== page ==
Oh, that’s right—DXL Pro sucks.
It takes a while, but eventually I download fully into my parents’ bedroom. My ancient, gnarled Compaq is running dutifully on the dresser. I walk over to it, wiggle the mouse. The monitor wakes up, revealing half a dozen SMN windows. Mom and Dad have been busy—their buddy list is crammed with the usernames of various friends and family members from back in Brno. It looks like anyone and everyone they’ve ever known is on there, and I have to wonder, is this normal? Is it normal for parents to scold their kid about uploading to other people’s homes, and then go and do exactly the same thing times ten?
I leave the bedroom, stand in the doorway between the hall and the living room. After spending so much time at Theo’s, my parents’ apartment, never roomy to begin with, seems smaller and more underwhelming than ever. There’s my desk with its peeling faux-wood laminate, my twin-size bed, my weathered dumbbells, my modest corner of home. Everything looks just as it was before the complex was towed away. Just to be sure, though, I step outside. Thankfully, the correct neighborhood stretches for blocks in both directions. Earlier, on the news, there’d been a reporter interviewing upset residents; now it’s just discarded coffee cups and leftover strands of police tape draped across the grass, the bushes.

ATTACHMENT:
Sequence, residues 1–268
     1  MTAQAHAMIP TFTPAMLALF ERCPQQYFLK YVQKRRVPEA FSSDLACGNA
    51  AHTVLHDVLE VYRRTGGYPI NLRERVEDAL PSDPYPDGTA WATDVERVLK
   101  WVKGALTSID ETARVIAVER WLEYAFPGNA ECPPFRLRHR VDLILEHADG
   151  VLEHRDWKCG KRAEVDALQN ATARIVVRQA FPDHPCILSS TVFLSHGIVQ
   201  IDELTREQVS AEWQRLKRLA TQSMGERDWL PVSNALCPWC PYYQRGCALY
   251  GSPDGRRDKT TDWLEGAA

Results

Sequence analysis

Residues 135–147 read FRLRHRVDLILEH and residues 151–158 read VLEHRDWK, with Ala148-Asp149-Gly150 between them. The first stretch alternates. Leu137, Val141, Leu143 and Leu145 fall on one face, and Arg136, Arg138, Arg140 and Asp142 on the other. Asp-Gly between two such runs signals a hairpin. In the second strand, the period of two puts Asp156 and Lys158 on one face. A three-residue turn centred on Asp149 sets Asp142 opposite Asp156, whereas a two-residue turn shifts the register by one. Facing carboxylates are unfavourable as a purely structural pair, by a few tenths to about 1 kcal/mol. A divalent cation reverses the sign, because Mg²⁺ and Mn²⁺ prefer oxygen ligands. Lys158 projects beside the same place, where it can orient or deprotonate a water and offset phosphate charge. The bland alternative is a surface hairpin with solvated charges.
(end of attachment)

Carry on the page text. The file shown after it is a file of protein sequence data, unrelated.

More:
Turning, I spot the notice stuck to our front door. It reads:
You may be aware of the recent towing. Rest assured, we’ve since cleared up the matter with the city. We apologize for any inconvenience, and will be offering free coffee and donuts in the leasing office for the rest of the week.
I fold the notice and go back inside.
The kitchen has gone from messy to disaster scenery. Setting the notice on the table, I put a load of dishes in the washer, take out the trash. Then I go for a shower. I’m one foot into the tub when it occurs to me that getting wet might not be such a good idea. I mean, I may be augmented, but I’m still actual, right? I won’t short-circuit or anything whenever I come into contact with liquid…will I? For a moment I stand very still and watch the rivulets of water trickling down my leg. No sparks, no flame. Which would make sense. Augmented actuality wouldn’t be very useful unless the idea is to do things the way you’d normally do them when actual. Still, I’m a little nervous as I get the rest of the way in. I wonder if, in high-res, how much of me even needs a shower at this point. Like, am I cleaning the augmented bytes while my actual skin (what’s left of it, anyway) goes unwashed beneath?
I make a mental note to ask Beta or Theo about that later, and finish up without any show-stoppers. Afterward, I lie in bed for a while wondering how (or if) I’m going to tell Mom and Dad what’s happened to me. I roll onto my side, stare at my phone, which I’d set on the desk earlier. It’s well within arm’s reach, but instinct persuades me to pick it up and hold it close. I’m not one of those people who has to have their phone on them 24/7 in order to feel safe and secure, but now that I’m depending on it to be high-res whenever I’m actual, I kind of understand the 24/7 thing.